Karen Cockburn’s sport wasn’t in the Olympics when she starting training as a trampoline gymnast in 1992. Now the 31-year-old Stouffville, Ont., resident has three medals and is chasing acrobatic excellence at the 2012 Summer Games. If Ms. Cockburn wins a medal in London, England, she will be the first Canadian athlete to win a medal at four consecutive Summer Olympics.
“Ten minutes of jumping on a trampoline is the equivalent of 30 minutes of running and offers fun fitness,” says Ms. Cockburn, who is married to chiropractor Mathieu Turgeon, a bronze medal winner at 2000 Sydney Olympics in trampoline. “But being an elite athlete isn’t the healthiest condition for a body, because I’m pushing it to extremes to reach heights of 18 feet in the air if I want to compete with the best in the world.”
“To be on top of the podium and get a medal for Canada.”
“I work out six days a week in the afternoons or evenings, four hours a day, with one day off for recovery. Some of the work is trampoline and technical tricks with video analysis, with a coach teaching us form and improving our routines.
“I do short sprints on the bike, and weight training. I focus on lower body for power to weight ratio. Now I’m in a force phase, so I’m lifting heavy weights. Yesterday I squatted 305 pounds – I weigh 120 pounds. You need strong legs to get height on the trampoline because we’re going up to 18 feet in the air. I’m judged on three elements out of 10: form, difficulty and then “flight time,” so power-to-body-weight ratio is important to get height.
“I do ballet once a week to help with form and posture and hot yoga twice a week to stretch me out and de-stress; I like the sweat and the heat.”
“Eat, sleep, train.
“When I have time I do freelance shows.
“I take some supplements like iron and B12 and I have a naturopath, but I mostly get everything from food. I go with quinoa and brown rice and turkey and eggs, no red meat. I’m strict throughout the year, but will tighten it up for the next few months.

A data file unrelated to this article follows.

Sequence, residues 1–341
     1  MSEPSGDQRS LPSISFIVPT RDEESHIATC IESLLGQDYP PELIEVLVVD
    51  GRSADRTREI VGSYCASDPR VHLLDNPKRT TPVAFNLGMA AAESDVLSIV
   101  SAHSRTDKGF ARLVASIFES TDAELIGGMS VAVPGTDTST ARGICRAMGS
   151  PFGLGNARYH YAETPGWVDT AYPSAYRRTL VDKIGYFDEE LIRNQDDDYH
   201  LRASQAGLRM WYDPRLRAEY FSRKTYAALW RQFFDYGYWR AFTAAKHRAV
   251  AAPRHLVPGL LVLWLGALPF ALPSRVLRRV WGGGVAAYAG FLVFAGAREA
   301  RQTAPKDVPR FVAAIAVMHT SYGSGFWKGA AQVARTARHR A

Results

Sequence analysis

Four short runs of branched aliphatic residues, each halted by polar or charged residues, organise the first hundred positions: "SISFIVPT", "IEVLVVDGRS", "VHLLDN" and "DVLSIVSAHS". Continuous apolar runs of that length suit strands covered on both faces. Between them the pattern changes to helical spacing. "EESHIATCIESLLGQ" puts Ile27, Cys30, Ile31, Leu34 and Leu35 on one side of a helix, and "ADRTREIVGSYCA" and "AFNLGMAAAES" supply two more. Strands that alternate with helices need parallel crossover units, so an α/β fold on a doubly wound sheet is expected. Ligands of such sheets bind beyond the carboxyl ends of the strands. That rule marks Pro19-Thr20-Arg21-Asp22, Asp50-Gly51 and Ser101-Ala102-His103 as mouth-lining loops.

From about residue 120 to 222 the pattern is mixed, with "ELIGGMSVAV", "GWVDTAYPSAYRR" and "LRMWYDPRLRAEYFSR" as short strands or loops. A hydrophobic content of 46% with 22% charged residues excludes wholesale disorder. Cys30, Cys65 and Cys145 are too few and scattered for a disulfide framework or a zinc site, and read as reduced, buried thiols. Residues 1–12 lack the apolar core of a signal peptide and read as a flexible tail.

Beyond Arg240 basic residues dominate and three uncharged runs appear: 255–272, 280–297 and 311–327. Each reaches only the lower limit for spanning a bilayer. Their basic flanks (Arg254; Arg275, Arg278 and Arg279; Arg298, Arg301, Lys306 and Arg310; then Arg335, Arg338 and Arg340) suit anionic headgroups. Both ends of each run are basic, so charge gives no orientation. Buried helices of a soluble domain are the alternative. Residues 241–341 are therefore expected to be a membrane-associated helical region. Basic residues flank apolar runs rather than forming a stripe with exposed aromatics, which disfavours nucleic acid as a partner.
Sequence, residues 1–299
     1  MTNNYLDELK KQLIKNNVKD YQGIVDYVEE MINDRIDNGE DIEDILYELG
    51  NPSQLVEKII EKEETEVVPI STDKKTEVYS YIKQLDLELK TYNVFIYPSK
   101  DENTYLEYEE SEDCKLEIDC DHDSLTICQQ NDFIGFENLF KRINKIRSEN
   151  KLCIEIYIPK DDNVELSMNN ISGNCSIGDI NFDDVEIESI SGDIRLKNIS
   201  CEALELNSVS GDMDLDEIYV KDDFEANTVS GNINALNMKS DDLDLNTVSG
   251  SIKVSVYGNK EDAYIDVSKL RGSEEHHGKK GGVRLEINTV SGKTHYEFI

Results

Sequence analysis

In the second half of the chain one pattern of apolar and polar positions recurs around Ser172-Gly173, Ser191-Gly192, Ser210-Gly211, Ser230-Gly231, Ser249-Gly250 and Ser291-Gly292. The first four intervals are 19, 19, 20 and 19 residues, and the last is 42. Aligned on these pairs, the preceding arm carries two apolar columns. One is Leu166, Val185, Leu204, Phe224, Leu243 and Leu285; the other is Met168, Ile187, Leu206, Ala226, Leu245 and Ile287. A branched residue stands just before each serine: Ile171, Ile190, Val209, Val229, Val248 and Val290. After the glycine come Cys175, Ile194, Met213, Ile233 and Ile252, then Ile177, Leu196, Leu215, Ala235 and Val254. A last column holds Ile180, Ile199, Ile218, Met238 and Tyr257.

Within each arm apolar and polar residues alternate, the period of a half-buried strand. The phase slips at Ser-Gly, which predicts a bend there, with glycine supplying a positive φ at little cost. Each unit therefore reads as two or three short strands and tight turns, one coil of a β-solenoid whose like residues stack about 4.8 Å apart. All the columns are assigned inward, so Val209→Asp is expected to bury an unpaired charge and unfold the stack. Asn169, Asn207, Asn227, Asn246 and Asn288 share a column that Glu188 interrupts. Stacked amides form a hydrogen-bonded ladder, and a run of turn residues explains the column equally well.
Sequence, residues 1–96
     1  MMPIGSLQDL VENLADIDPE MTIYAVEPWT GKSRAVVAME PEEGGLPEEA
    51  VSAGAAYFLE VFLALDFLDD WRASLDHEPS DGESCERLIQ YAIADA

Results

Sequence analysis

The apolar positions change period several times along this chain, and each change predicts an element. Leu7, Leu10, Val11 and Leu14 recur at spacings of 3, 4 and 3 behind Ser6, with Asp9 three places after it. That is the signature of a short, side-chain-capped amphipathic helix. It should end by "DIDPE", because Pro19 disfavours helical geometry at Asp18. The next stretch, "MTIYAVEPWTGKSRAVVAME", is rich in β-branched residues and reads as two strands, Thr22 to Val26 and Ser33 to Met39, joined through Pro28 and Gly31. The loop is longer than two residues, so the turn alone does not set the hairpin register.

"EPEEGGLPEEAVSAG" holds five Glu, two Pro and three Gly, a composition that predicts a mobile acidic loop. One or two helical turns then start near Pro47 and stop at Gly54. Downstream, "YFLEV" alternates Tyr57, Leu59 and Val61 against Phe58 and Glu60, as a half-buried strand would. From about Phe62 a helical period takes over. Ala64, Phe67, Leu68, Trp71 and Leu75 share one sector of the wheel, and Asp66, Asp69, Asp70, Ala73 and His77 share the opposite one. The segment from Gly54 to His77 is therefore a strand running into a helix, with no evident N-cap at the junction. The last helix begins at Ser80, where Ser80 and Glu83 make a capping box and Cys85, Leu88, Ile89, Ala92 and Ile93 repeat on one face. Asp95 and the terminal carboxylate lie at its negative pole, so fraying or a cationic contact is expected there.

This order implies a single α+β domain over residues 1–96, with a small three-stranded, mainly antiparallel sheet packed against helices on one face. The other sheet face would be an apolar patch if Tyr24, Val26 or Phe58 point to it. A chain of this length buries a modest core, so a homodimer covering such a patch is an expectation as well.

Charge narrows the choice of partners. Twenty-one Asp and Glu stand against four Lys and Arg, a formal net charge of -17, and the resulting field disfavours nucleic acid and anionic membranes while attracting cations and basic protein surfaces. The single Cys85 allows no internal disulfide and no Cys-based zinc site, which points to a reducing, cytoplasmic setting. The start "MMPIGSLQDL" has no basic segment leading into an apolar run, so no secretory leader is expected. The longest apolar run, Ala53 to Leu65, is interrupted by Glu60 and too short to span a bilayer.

“Breakfast is oatmeal with berries and flax seeds or an omelette with veggies. Lunch is a quinoa salad with vegetables with turkey or beans. Dinner is salad with some protein. If I’m working out I have snacks: salad with beans or a berries shake with protein powder.”
“The diet is tough. When I lived at home my dad worked at a bakery and would bring home fresh bread; it’s still my temptation.”
My original motivation
“My parents put me in gymnastics and swimming to learn basic motors skills. From there, I competed in artistic gymnastics and through training for diving I discovered the trampoline.”
“During tramp training I can’t have anything in my ears. In the gym I listen to instruction, so I don’t have a motivational song.”
“Having two knee surgeries and pushing through injuries to train as much as I need to.”
Julia Alleyne, medical director for Sport C.A.R.E. at Women’s College Hospital in Toronto, is Ms. Cockburn’s physician and offers some additional advice.
Taper ballet cross-training
“Trampoline and ballet work muscles of Karen’s feet plenty, so I would recommend that ballet be tapered when trampoline training increases in preparation for competition, and then resumed as an early season activity for toning.”
The action of pointing the toes is used in both activities, which stresses the plantar muscle and the toe flexors, which can overwork the foot encouraging injury or reducing power for jumps.
Maximize recovery day
Dr. Alleyne, who is the chief medical officer for the London 2012 Canadian Olympic Committee, also emphasizes that the recovery day is as important as those six workout days when training in a goal-oriented and progressive regime.
“The recovery day is more than rest; Karen could benefit from continued good nutrition, massage, light stretching, and overall rejuvenation of the mind, body and soul.”
This interview has been condensed and edited.
Special to The Globe and Mail
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